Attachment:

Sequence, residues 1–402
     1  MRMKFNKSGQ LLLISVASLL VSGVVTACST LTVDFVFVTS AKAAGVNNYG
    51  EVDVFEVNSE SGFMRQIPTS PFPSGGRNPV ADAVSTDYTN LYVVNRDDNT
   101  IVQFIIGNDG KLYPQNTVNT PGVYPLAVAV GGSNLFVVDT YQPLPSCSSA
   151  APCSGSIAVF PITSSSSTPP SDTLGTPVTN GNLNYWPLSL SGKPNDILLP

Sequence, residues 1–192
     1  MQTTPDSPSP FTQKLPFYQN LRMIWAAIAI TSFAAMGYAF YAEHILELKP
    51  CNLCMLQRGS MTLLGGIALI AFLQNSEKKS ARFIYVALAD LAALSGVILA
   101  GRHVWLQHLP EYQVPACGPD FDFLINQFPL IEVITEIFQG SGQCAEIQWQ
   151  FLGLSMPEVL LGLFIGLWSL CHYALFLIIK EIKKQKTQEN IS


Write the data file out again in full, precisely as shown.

Sequence, residues 1–402
     1  MRMKFNKSGQ LLLISVASLL VSGVVTACST LTVDFVFVTS AKAAGVNNYG
    51  EVDVFEVNSE SGFMRQIPTS PFPSGGRNPV ADAVSTDYTN LYVVNRDDNT
   101  IVQFIIGNDG KLYPQNTVNT PGVYPLAVAV GGSNLFVVDT YQPLPSCSSA
   151  APCSGSIAVF PITSSSSTPP SDTLGTPVTN GNLNYWPLSL SGKPNDILLP

Sequence, residues 1–192
     1  MQTTPDSPSP FTQKLPFYQN LRMIWAAIAI TSFAAMGYAF YAEHILELKP
    51  CNLCMLQRGS MTLLGGIALI AFLQNSEKKS ARFIYVALAD LAALSGVILA
   101  GRHVWLQHLP EYQVPACGPD FDFLINQFPL IEVITEIFQG SGQCAEIQWQ
   151  FLGLSMPEVL LGLFIGLWSL CHYALFLIIK EIKKQKTQEN IS